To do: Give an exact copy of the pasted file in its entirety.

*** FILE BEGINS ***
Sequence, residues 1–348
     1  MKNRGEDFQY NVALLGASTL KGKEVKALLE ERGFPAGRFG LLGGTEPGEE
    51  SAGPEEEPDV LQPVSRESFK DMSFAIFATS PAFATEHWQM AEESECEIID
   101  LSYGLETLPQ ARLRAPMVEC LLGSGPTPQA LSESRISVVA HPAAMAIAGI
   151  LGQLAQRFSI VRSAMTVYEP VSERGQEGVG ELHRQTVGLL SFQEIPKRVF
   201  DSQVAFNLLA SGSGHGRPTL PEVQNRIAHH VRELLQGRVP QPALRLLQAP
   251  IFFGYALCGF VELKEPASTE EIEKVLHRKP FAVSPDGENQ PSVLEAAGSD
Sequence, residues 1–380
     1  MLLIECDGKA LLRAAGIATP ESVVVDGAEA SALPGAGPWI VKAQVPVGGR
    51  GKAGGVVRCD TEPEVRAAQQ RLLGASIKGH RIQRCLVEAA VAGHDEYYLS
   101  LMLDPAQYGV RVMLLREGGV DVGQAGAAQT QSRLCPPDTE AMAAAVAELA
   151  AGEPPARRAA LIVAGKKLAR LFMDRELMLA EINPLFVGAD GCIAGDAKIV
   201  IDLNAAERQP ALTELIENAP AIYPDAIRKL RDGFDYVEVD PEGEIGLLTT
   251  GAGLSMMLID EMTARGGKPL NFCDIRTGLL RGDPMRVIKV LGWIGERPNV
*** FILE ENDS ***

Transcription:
Sequence, residues 1–348
     1  MKNRGEDFQY NVALLGASTL KGKEVKALLE ERGFPAGRFG LLGGTEPGEE
    51  SAGPEEEPDV LQPVSRESFK DMSFAIFATS PAFATEHWQM AEESECEIID
   101  LSYGLETLPQ ARLRAPMVEC LLGSGPTPQA LSESRISVVA HPAAMAIAGI
   151  LGQLAQRFSI VRSAMTVYEP VSERGQEGVG ELHRQTVGLL SFQEIPKRVF
   201  DSQVAFNLLA SGSGHGRPTL PEVQNRIAHH VRELLQGRVP QPALRLLQAP
   251  IFFGYALCGF VELKEPASTE EIEKVLHRKP FAVSPDGENQ PSVLEAAGSD
Sequence, residues 1–380
     1  MLLIECDGKA LLRAAGIATP ESVVVDGAEA SALPGAGPWI VKAQVPVGGR
    51  GKAGGVVRCD TEPEVRAAQQ RLLGASIKGH RIQRCLVEAA VAGHDEYYLS
   101  LMLDPAQYGV RVMLLREGGV DVGQAGAAQT QSRLCPPDTE AMAAAVAELA
   151  AGEPPARRAA LIVAGKKLAR LFMDRELMLA EINPLFVGAD GCIAGDAKIV
   201  IDLNAAERQP ALTELIENAP AIYPDAIRKL RDGFDYVEVD PEGEIGLLTT
   251  GAGLSMMLID EMTARGGKPL NFCDIRTGLL RGDPMRVIKV LGWIGERPNV